Pleroo cannot be confined to so narrow a focus [as referring to fulfillment of an Old Testament prophecy]…. What needs to be emphasized, then, is that the use of pleroo in an introductory formula need not mean that the author regards the Old Testament text he quotes as a direct prophecy; and accusations that a New Testament author misuses the Old Testament by using pleroo to introduce nonprophetic texts are unfounded.’
We can see that the context of Matthew 2:15 leads us to the rendering “This was to complete what the Lord had spoken by the prophet, ‘Out of Egypt I called my son.’” In other words, “In the Matthew 2:15 citation of Hosea 11:1 Matthew uses [pleroo] to indicate the completion of a sensus plenior meaning he finds in Hosea 11:1.” As we have already said, the single meaning of Hosea 11:1 is not prophetic, but rather a historical reference to the time of Moses, when God called the Israelite nation out of Egypt. For this reason, to use the English rendering fulfill is “misleading.” “Matthew’s meaning is that in some sense the transport of Jesus by His parents from Egypt completed the deliverance of Israel from Egypt that had begun during the time of Moses.”
Now, it is time for a little warning. We should be very cautious of writers who give us interpretations of an allegory, typology, and fulfillment that are not expressly given by a Bible writer. No human writer at present, or that lived after the Apostle John died in 100 C.E. has the authority to give us fulfillment unless it was stated by a Bible author. Humans are very curious about what the future holds, especially Christians with the fulfillment of Scripture. This is why books by authors telling us they have unlocked Scripture or that they can explain the fulfillment of things that no Bible writer expressed as a fulfillment, are very dangerous. We cannot reproduce the interpretive skills of the New Testament writers because they did not always follow the historical-grammatical interpretation (objective), they at times gave a subjective message. We do not have the authority to imitate them by our skipping over historical-grammatical interpretation to give revelations about allegory, typology, and fulfillment of Scripture. Therefore, let us stay far from the shores of subjective interpretation by either penning it or reading it.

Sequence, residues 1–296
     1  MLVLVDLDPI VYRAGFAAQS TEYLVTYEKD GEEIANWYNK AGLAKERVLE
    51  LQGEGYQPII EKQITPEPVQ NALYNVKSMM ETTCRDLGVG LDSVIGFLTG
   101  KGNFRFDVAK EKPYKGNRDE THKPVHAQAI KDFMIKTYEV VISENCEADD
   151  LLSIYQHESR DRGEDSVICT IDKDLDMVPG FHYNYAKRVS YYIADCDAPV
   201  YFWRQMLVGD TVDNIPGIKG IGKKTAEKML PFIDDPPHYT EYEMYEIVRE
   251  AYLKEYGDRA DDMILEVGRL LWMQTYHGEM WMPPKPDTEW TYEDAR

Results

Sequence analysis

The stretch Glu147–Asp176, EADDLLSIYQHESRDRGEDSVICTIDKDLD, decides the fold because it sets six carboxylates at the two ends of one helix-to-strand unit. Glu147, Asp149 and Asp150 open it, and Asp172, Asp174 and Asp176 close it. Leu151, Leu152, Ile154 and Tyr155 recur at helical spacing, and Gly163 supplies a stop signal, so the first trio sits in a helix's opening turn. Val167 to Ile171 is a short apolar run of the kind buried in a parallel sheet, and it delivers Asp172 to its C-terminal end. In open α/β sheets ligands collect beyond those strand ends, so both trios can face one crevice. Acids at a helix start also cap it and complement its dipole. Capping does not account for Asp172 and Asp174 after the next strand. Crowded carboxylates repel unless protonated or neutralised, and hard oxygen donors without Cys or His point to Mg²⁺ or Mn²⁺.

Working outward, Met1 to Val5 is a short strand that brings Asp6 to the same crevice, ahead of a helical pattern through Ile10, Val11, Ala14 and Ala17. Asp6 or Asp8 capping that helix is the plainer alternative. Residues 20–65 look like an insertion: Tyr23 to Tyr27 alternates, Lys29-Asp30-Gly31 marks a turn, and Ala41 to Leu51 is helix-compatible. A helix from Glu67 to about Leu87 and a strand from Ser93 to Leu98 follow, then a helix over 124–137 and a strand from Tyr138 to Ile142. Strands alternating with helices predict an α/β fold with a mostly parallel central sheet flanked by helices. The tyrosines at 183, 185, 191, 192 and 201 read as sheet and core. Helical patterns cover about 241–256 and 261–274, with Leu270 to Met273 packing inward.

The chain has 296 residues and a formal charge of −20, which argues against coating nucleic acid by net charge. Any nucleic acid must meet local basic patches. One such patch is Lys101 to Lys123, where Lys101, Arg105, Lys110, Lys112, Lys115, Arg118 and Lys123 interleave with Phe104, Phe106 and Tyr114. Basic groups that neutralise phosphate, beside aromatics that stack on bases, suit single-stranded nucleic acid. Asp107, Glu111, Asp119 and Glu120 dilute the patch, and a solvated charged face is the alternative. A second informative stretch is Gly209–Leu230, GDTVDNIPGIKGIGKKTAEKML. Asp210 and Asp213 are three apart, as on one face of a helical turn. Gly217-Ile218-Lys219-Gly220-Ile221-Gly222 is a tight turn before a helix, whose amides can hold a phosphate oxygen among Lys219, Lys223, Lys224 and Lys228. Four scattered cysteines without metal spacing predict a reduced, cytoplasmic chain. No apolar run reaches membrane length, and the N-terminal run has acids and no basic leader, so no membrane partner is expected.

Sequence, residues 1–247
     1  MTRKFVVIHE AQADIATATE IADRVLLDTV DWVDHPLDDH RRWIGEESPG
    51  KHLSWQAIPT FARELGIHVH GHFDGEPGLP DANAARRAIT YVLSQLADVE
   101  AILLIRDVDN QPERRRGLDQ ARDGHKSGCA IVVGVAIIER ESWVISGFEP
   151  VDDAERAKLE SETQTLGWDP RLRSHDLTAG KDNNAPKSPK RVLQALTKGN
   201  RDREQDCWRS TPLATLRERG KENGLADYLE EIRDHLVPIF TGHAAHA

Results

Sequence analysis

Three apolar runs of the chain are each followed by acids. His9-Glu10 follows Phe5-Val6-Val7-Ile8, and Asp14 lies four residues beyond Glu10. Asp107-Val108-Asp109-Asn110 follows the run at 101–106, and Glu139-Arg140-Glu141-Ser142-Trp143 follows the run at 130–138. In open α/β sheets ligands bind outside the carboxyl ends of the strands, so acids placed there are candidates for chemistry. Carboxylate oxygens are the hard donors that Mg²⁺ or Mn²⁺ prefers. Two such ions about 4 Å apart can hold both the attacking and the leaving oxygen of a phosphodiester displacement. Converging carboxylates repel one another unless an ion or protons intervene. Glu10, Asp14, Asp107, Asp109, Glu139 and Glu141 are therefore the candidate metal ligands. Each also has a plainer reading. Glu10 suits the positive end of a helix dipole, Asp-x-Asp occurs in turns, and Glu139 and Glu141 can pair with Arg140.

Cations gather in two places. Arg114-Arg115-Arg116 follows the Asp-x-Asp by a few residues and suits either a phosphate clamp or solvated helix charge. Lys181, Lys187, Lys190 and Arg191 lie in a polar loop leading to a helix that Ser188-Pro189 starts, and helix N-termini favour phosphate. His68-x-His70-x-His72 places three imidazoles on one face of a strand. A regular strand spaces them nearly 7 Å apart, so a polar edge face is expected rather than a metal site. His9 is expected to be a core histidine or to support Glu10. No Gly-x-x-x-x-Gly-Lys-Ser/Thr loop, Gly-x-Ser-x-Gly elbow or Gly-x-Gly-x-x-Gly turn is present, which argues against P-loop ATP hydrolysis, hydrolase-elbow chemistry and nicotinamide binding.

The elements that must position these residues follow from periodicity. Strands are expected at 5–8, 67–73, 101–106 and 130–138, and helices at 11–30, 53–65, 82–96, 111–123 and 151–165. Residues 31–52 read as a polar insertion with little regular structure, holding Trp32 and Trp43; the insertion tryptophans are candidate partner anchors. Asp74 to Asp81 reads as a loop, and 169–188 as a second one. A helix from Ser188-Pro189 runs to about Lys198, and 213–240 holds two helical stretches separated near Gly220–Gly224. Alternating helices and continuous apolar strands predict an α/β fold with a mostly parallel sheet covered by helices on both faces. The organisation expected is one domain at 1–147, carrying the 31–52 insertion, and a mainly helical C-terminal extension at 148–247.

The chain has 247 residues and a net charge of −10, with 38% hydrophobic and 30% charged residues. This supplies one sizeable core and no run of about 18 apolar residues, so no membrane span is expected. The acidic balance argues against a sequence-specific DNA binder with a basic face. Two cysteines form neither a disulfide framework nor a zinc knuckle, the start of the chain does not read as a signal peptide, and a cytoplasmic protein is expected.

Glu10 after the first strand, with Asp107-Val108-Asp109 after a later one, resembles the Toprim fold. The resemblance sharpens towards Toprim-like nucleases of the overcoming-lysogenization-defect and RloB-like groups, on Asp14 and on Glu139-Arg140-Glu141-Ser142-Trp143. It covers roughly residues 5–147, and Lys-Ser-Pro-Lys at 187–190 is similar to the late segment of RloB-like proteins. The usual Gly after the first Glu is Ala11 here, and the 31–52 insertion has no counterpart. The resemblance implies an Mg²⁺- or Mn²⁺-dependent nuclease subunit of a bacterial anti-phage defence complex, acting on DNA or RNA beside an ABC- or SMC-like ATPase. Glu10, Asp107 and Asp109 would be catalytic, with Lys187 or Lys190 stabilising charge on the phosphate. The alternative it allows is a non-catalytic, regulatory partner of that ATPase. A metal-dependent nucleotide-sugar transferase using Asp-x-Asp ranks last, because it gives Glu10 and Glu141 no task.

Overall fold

Recap of New Testament Use of Old Testament
Again, the New Testament writers used Old Testament writers in one of two ways. (1) The New Testament writer took the one grammatical-historical interpretation of the Old Testament passage. In this case, we are talking about a fulfillment of the Old Testament passage, and we are perfectly fine to word it that way. In other words, the Old Testament passage was written as a prophecy for that future event, not some immediate fulfillment. (2) The New Testament writer goes beyond what the Old Testament writer penned, assigning it additional meaning that is applicable to the New Testament context. In other words, the Old Testament writer’s grammatical-historical interpretation would have been a fulfillment for him and his audience, not just a hope. The New Testament writer then made the information applicable to his situation by adding to it, which fit his context. With number (1), we have the New Testament writer staying with the literal sense of the Old Testament writer. With number (2), we have the New Testament writer adding a whole other meaning.
Dr. Robert L. Thomas calls number (2) “inspired sensus plenior application” (ISPA), which we will adopt as well. It is inspired because this is an inspired Bible writer adding the additional sense or fuller sense than what had been penned in the Old Testament.
When interpreting the Old Testament and New Testament each in light of the single grammatical-historical meaning of each passage, two kinds of New Testament uses of the Old Testament surface, one in which the New Testament writer observes the grammatical-historical sense of the Old Testament passage and the other in which the New Testament writer goes beyond the grammatical-historical sense in using a passage. Inspired sensus plenior application (ISPA) designates the latter usage. Numerous passages illustrate each type of New Testament use of the Old Testament. The ISPA type of use does not grant contemporary interpreters a license to copy the method of New Testament writers, nor does it violate the principle of single meaning. The ISPA meaning of the Old Testament passage did not exist for humans until the time of the New Testament citation, being occasioned by Israel’s rejection of her Messiah at His first advent. The ISPA approach approximates that advocated by John H. Walton more closely than other explanations of the New Testament use of the Old Testament. “Fulfillment” terminology in the New Testament is appropriate only for events that literally fulfill events predicted in the Old Testament. – Robert L. Thomas. Evangelical Hermeneutics: The New Versus the Old (p. 241-2). Kindle Edition.